Ford has temporarily laid off hundreds of workers at a Michigan plant where the UAW is on strike

Ford Motor Co. said it has furloughed 600 non-striking workers at its assembly plant in Wayne, Michigan. A historic strike by the United Auto Workers Against the big three automakers.

The union launched targeted plant walkouts, along with the General Motors plant in Wentzville, Missouri, and the Stellandis plant in Toledo, Ohio. A new labor contract with automakers by Thursday night’s deadline.

Ford said in a statement that the layoffs in Wayne are linked to the UAW strike, marking the first time in union history that strikes have begun at three automakers simultaneously.

“These layoffs are the result of a strike in the final assembly and paint departments of the Michigan Assembly plant because these 600 employees build components that use electro-coated materials for safety,” Ford said in a statement Friday. Electro-coating has been completed in the paint department which is on strike.

Wayne, Michigan, with A population The suburb, about 17,000 people and 45 minutes west of downtown Detroit, is made up of mainly blue-collar and middle-class families. The Ford plant employs about 3,300 workers, most of whom build Bronco SUVs and Ranger pickup trucks.

UAW President Shawn Fine visited the Wayne plant on Friday and said the strike would continue until Ford, GM and Stellandis (which owns foreign brands such as Chrysler, Dodge, Jeep and Ram, as well as Peugeot and Opel) raise workers’ wages and improve job security.

UAW union members picket outside the Ford Michigan Assembly plant in Wayne, Michigan on September 15, 2023.

Matthew Hatcher/AFP via Getty Images


Pete Crouch, 56, who has worked at the Wayne factory for 25 years, said working on the assembly line is “exciting, and there’s no time.”

“If someone takes a day off in the finals [assembly]It takes two people to do the job, sometimes three because the jobs are so heavy,” he added.

Crouch said there is a divide among employees between those earning higher tiers of pay and those earning less. That’s because managers tell lower-tier employees they’ll move them to the upper tier when a higher-paid employee retires, but that rarely happens, he said.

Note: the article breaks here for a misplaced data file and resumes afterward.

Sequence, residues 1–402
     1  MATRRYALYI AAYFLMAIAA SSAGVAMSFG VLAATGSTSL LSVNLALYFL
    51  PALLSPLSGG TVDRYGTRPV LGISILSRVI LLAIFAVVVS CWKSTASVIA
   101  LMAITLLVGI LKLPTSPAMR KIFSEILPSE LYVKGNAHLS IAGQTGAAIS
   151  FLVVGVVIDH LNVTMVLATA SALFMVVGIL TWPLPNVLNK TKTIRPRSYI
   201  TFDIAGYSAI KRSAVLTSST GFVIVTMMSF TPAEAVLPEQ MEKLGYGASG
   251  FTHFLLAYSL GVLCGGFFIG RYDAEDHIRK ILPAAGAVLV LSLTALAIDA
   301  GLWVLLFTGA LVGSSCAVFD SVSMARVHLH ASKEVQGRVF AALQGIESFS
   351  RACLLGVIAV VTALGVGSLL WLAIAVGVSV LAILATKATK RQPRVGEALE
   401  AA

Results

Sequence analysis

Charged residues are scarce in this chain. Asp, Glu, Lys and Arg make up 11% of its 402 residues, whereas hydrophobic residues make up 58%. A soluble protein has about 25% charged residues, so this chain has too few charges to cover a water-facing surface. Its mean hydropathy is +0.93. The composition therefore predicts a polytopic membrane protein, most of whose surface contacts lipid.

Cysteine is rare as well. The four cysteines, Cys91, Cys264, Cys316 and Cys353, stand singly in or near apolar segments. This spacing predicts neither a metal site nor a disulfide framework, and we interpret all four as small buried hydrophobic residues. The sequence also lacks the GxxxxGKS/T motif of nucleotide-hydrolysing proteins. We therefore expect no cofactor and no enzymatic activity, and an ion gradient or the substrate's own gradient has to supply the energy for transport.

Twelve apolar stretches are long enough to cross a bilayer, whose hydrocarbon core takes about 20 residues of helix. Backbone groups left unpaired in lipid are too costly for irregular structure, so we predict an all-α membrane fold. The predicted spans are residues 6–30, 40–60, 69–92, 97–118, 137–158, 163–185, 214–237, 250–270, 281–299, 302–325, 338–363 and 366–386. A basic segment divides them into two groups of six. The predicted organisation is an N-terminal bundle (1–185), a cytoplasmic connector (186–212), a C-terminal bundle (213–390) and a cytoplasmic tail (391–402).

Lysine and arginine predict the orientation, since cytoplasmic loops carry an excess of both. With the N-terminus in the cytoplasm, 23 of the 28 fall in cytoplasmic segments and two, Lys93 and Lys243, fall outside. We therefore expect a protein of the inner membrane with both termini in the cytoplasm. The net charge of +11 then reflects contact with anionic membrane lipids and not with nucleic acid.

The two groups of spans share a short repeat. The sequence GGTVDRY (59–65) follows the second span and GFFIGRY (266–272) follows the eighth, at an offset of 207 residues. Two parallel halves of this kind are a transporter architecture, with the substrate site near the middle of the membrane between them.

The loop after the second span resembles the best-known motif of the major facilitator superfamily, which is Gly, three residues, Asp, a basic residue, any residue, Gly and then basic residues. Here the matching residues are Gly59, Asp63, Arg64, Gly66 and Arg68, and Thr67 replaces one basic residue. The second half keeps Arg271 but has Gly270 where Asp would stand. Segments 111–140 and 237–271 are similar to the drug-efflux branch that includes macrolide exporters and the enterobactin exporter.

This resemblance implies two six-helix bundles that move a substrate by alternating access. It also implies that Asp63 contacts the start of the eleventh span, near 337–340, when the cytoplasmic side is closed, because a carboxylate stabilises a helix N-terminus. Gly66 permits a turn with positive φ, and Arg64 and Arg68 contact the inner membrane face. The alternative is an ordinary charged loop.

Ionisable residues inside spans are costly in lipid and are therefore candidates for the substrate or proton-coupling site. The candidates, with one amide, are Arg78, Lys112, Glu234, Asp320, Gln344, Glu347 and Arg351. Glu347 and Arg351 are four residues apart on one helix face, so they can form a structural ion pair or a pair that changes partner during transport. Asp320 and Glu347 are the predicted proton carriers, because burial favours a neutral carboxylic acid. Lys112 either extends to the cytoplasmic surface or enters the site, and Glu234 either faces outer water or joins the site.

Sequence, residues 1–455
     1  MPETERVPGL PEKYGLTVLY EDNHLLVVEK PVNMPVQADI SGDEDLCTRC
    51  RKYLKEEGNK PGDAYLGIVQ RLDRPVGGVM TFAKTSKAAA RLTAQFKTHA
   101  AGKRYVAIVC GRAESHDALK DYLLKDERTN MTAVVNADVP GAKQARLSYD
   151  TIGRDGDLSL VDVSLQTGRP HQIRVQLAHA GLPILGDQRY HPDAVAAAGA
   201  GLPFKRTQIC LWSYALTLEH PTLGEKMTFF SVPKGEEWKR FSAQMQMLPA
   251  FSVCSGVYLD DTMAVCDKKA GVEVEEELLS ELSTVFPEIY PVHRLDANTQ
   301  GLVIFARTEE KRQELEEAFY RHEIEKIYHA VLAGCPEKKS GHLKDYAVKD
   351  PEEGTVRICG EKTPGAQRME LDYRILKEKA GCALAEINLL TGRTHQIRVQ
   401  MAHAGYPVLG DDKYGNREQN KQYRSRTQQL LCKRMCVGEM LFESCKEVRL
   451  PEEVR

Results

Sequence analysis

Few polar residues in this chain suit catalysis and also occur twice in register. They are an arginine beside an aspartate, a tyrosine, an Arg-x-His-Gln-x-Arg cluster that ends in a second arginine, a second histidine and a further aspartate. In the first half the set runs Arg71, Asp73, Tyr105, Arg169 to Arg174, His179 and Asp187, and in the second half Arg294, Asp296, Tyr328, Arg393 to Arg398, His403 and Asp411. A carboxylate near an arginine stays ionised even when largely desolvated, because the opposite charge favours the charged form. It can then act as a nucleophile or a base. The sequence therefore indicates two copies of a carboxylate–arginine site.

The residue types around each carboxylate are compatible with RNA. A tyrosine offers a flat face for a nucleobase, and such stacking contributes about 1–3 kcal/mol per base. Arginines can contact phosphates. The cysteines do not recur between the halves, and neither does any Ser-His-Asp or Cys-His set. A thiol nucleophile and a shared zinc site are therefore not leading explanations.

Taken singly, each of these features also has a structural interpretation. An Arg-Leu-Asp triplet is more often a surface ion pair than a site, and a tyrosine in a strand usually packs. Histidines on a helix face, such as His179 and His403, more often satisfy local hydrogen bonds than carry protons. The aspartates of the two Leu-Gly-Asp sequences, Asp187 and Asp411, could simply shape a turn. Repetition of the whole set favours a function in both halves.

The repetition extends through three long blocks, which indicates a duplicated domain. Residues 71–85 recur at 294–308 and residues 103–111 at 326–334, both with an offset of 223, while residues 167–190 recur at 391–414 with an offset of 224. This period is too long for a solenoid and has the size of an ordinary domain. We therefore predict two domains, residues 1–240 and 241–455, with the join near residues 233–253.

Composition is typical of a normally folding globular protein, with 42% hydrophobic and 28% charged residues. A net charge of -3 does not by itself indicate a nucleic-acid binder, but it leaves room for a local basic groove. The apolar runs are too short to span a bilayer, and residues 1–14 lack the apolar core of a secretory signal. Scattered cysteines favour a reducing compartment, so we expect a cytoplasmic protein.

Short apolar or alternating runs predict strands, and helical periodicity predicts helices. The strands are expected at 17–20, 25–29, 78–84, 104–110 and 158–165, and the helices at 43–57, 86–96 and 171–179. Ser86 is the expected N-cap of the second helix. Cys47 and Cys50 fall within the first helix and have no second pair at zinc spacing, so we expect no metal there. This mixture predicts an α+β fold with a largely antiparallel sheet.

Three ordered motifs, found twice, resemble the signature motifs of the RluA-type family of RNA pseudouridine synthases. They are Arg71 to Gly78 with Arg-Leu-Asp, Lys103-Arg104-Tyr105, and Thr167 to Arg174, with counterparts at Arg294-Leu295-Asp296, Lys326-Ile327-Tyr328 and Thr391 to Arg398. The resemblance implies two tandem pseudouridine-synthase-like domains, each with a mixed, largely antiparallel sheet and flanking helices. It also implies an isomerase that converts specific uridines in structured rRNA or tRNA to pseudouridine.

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Tensions were high at the plant in the weeks leading up to the strike, Crouch said. On Thursday night, workers represented by Local 900 of the UAW worked small jobs and were eager to see how labor negotiations would play out, he said.

“We sat up all night until 10pm when Fine decided to attack half of our plant,” he said.

Crouch said managers allowed employees to walk off their jobs shortly after Fein chose their union to strike.

“We were confined to the canteen till midnight [and] Then they let us go out,” he said. “No one was allowed to go on the ground at that time.”

Pete Crouch has been an employee at the Ford Michigan Assembly Plant in Wayne, Michigan for 25 years. He poses for a picture with UAW President Shawn Fine after Local 900 began a strike against the Big Three Detroit automakers on September 15, 2023.

Pete Crouch


Once outside, chants of support for the strike began, Crouch said, noting that the younger workers were generally more animated, while the more seniors took the scene quietly.

Fine did not say why UAW leadership chose the Wayne plant to strike. That’s because workers at the facility also make parts for seven other plants in the Midwest that produce dashboards for the Ford Escape, F-250 and F-350 vehicles and the F-150, Crouch said. Wayne’s parts-making side is still operating, but the union may ask those workers to leave as well, Crouch said.

“If Ford doesn’t negotiate after a week or two, they’ll close the rest of the plant,” he predicted. “That would close six or seven plants.”

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